German workers upset over potential post closure
By Marcus Klöckner, Stars and Stripes
European edition, Saturday, September 27, 2008
KAISERSLAUTERN, Germany — German workers employed by the Army in Pirmasens are shocked and upset over news that the Army is developing a plan that would close the post where they work in 2014, a German union spokesman said.
Gerhard Hornbach, a spokesman for the German workers at Pirmasens’ Husterhöh Kaserne expressed disbelief regarding the U.S. Army Installation Command-Europe’s “Sembach AFB Reutilization Concept Brief.”
“I will get in touch with the people responsible in the subject matter as soon as possible,” Hornbach said. “It simply cannot be that we are not informed about such a plan.”
The brief, obtained by Stars and Stripes, outlines a plan to relocate several Army organizations and units to Sembach Air Base north of Kaiserslautern. Under the concept, Pirmasens’ Husterhöh Kaserne, which houses U.S. Army Medical Material Center Europe and U.S. Army Test, Measurement, and Diagnostic Equipment Activity, would be shuttered in fiscal 2014. About 350 workers are employed at the post, according to the brief.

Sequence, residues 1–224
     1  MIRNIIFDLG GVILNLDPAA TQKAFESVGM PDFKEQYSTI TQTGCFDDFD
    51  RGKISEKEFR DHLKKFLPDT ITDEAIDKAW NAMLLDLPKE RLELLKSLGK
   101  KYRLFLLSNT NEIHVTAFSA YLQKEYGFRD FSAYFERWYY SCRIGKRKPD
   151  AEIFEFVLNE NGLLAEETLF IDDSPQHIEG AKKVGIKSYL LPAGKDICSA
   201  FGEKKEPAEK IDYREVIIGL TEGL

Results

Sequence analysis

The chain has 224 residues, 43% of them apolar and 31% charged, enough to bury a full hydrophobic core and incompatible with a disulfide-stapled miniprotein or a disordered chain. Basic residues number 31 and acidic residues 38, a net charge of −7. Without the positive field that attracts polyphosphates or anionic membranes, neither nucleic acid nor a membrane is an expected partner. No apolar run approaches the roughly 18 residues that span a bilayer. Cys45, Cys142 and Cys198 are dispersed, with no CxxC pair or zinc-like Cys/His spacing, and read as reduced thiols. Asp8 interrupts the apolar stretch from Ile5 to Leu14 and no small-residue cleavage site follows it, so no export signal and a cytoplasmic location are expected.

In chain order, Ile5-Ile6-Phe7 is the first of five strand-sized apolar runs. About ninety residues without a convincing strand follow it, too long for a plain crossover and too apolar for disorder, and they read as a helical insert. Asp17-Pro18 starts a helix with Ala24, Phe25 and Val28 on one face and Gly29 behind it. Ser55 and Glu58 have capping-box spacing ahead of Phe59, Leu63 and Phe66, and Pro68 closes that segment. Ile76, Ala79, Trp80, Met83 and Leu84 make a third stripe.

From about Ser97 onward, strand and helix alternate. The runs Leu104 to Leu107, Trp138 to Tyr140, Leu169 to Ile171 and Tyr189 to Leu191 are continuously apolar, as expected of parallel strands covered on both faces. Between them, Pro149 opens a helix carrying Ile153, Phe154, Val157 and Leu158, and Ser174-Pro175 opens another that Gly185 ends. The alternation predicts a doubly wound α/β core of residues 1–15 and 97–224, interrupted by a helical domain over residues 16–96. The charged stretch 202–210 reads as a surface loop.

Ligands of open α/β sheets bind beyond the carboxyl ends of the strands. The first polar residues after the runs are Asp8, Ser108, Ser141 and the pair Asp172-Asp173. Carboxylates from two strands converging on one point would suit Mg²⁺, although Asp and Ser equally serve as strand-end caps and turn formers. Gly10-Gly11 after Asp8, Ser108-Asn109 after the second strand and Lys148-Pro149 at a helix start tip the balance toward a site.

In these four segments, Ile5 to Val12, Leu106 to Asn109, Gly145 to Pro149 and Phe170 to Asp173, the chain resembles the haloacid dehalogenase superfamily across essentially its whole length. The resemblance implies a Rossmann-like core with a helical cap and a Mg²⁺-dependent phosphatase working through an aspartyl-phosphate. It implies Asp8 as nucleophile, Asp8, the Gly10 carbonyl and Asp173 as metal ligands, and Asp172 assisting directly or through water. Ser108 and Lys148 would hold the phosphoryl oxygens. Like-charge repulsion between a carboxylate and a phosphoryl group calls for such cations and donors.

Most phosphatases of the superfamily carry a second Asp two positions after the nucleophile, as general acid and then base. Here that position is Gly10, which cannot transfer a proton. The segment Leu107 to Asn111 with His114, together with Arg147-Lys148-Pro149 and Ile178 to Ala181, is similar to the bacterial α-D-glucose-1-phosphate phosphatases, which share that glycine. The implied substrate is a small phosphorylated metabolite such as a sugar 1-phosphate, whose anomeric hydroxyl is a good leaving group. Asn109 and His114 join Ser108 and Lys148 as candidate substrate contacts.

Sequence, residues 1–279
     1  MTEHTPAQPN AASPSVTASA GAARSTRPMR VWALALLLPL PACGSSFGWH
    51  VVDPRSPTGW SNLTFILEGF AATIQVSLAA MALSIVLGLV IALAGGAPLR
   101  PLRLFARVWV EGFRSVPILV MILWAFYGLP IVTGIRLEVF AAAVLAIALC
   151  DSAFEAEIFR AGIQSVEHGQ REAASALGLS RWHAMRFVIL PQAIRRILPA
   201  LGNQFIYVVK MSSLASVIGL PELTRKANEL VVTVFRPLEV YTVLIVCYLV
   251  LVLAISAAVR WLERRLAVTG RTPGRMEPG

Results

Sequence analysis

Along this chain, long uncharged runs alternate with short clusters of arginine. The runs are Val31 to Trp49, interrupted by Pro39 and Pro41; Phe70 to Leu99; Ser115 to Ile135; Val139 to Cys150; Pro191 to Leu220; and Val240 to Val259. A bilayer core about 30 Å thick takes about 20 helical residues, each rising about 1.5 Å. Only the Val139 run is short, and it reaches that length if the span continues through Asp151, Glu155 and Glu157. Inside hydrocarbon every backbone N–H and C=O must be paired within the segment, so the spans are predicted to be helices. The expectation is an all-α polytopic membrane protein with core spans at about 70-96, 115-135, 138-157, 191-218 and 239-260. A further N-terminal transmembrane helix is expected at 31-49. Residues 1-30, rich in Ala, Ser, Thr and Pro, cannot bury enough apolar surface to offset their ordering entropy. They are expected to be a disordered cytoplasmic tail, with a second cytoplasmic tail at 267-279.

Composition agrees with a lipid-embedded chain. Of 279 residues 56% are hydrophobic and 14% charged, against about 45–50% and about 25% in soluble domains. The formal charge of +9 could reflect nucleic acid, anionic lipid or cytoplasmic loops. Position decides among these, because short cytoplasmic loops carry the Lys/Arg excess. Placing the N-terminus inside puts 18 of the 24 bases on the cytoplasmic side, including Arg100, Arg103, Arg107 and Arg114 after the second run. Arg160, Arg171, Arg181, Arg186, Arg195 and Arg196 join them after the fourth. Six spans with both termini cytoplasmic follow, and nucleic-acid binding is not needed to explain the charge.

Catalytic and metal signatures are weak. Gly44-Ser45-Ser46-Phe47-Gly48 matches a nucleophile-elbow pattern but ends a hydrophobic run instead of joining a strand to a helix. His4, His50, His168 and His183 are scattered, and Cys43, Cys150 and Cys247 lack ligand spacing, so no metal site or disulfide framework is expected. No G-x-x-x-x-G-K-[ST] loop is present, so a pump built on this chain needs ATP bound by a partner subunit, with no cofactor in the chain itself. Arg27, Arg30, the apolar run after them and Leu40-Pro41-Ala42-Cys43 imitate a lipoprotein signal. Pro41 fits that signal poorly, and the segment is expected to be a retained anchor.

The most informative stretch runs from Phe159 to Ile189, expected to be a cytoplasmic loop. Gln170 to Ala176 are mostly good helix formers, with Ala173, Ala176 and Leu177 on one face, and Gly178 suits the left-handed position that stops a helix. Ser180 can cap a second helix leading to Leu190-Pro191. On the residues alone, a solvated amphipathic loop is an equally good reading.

An Army official said Friday that the brief is an internal working document that does not reflect approved plans for IMCOM-Europe or U.S. Army Europe.
“It’s one of many ongoing feasibility studies frequently conducted as a matter of routine to review facilities within the footprint for efficiencies,” said Ken White, IMCOM-Europe spokesman. “Standard procedure in any stationing matter involves coordination that includes both DOD and host nation officials prior to any official announcement. Extensive coordination is required before any plan is finalized and approved, and information in such draft documents frequently and dramatically changes.”
Hornbach declined to answer any questions regarding the numbers of workers possibly affected by the shutdown.
“I will not comment on the issue before I know what really is going on,” he said.
The Air Force is set to declare Sembach as excess in fiscal 2010, according to the brief.
If the concept becomes a reality, the first moves would begin in about two years and add hundreds of soldiers and civilians to the Kaiserslautern Military Community, according to the brief. Anywhere between 1,400 and 2,200 more people would work at Sembach under the plan, the brief stated.
Under variations of the plan, Sembach could house the headquarters for Europe Regional Medical Command, 21st Theater Sustainment Command, American Forces Network-Europe, Department of Defense Dependents Schools-Europe, Army and Air Force Exchange Service-Europe, Installation Management Command-Europe, U.S. Army Medical Materiel Center-Europe and U.S. Army Garrison-Kaiserslautern.
Other units and activities mentioned as proposed Sembach tenants include the 230th Military Police Company, the 7th Army Band and the confinement facility in Mannheim.
Besides the Pirmasens post, the brief also suggests the closure of Pulaski Barracks in Kaiserslautern, Coleman Barracks in Mannheim and Nachrichten Kaserne in Heidelberg.
Stars and Stripes reporter Steve Mraz contributed to this report.